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Metabolic relationships between cities and hinterland: a political-industrial ecology of energy metabolism of Saint-Nazaire metropolitan and port area (France)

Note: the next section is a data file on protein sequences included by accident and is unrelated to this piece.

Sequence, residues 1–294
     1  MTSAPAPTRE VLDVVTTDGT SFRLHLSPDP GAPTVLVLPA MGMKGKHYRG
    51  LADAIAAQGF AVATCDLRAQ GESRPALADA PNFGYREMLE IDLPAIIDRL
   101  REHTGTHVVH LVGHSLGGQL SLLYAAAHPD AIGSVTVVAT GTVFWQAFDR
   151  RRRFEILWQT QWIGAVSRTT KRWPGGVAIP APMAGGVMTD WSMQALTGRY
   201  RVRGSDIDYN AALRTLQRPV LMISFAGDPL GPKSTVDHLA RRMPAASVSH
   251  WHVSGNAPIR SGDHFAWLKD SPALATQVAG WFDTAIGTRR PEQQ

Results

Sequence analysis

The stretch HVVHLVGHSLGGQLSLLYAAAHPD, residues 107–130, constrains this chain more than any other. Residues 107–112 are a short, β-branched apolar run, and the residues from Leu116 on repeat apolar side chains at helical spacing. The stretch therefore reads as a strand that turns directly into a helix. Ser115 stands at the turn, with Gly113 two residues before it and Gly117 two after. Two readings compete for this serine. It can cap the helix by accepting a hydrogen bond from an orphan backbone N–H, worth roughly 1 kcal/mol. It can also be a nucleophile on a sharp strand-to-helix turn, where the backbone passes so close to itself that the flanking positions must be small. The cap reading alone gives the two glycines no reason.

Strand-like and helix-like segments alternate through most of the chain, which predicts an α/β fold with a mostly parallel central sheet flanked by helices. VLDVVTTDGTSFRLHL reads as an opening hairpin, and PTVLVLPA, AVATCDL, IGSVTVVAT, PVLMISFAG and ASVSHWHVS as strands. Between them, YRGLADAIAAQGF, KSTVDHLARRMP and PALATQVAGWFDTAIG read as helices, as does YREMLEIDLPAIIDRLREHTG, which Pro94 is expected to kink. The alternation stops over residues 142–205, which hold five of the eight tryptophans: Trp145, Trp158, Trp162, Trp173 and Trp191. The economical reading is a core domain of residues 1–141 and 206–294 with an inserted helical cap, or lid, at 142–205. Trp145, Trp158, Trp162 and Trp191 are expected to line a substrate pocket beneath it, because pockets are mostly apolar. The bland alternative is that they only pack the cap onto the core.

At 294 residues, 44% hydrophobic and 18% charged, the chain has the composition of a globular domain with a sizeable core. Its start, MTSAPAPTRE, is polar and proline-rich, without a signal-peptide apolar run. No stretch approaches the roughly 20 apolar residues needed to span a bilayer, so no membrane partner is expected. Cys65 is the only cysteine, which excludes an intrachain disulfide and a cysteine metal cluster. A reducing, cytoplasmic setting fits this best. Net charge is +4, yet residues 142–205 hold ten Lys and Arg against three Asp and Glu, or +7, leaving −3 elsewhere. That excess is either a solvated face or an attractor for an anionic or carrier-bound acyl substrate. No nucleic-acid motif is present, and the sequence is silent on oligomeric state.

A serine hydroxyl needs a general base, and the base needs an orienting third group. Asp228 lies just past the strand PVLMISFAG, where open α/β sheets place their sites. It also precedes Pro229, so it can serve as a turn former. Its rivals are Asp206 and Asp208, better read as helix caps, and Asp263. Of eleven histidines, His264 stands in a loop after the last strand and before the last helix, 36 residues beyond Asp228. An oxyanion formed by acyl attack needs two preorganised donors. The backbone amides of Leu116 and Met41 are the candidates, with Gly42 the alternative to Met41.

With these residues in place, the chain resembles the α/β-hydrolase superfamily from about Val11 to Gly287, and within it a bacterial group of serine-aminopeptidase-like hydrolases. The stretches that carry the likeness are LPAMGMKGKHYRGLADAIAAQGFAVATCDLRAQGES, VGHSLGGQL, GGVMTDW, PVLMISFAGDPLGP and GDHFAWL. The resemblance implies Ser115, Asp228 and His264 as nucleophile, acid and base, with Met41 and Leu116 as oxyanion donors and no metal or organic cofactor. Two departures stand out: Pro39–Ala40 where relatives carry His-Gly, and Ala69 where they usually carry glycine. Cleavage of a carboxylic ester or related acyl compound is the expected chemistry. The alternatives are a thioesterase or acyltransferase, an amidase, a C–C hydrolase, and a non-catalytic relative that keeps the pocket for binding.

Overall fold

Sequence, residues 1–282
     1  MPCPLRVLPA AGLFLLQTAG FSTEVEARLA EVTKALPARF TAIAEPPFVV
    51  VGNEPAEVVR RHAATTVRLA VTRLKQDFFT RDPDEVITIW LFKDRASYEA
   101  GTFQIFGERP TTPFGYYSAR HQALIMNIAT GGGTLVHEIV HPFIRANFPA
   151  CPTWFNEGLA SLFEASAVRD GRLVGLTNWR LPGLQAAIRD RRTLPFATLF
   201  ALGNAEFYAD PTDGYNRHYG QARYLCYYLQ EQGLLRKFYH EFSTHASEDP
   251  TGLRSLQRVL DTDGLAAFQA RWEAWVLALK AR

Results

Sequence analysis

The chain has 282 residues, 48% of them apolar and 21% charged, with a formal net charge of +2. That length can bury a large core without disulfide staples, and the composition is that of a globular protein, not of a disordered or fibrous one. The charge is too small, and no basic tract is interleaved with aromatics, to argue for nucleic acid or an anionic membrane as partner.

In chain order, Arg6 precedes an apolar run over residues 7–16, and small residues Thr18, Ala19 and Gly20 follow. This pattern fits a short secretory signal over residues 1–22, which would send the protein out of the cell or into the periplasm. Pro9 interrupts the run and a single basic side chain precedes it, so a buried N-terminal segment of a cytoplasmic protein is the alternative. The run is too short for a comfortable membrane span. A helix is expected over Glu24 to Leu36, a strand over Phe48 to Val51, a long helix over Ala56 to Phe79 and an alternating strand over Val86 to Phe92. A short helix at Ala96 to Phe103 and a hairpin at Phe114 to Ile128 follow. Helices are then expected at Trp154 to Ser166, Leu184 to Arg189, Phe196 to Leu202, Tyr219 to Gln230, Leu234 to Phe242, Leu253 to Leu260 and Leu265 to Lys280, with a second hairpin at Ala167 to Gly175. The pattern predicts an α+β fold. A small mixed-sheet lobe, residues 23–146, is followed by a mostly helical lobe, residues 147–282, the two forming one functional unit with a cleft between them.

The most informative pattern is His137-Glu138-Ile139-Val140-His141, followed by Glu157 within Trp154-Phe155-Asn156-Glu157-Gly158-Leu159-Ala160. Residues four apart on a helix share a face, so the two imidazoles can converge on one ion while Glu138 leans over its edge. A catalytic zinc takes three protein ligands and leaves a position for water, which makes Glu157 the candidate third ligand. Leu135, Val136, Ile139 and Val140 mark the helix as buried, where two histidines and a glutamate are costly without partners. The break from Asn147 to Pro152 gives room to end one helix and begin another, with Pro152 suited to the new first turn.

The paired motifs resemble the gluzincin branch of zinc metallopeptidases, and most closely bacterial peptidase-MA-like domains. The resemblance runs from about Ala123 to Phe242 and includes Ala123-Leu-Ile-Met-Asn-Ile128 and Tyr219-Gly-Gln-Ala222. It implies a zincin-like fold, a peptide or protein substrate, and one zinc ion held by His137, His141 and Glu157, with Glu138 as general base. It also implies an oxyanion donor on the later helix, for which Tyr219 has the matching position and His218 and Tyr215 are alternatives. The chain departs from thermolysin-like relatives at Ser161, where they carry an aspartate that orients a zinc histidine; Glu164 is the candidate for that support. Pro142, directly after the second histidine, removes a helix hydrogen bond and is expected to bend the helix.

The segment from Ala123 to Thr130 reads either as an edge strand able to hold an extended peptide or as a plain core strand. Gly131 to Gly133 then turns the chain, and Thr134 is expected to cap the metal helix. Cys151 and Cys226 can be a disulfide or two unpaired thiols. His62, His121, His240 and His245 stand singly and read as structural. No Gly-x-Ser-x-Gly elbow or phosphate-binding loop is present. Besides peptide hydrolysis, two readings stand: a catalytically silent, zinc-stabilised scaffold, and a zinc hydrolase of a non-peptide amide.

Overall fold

Research on urban metabolism (UM) focuses on cities' material and energy systems by identifying paths and transformation processes of all kinds of flows in urban contexts. In particular, scientific studies aim to trace the origin and destination of materials, energy, water, emissions and waste flows in order to understand relationships between cities and other spatial areas (hinterlands) that lead to political, social and environment consequences. This research paper aims to analyze complex power relationships between cities and their hinterlands. In particular, the objective is to understand the nature of these socio-material links. Are they based on synergies and cooperation, or, on the contrary, on unbalanced power and conflicts? We propose an approach which combines methodologies with the tools of Energy Flow Analysis (EFA) and semi-structured interviews, in order to develop a “political-industrial ecology” of energy metabolism (Breetz 2017; Cousins and Newell 2015). We have studied the Saint-Nazaire metropolitan area, which is constituted by an urban area and a port zone. This harbor consists in a complex network of highly energy-intensive industrial sites operating in the steel, petrochemical and agri-food industries. Based on an analysis of energy flows, institutional policies and professional practices, we have identified several situations of metabolic links that exist simultaneously. In conclusion, the metabolic relationships' framework is useful to understand how the “hinterlands-city” relationships shape and are shaped by the city's metabolism.

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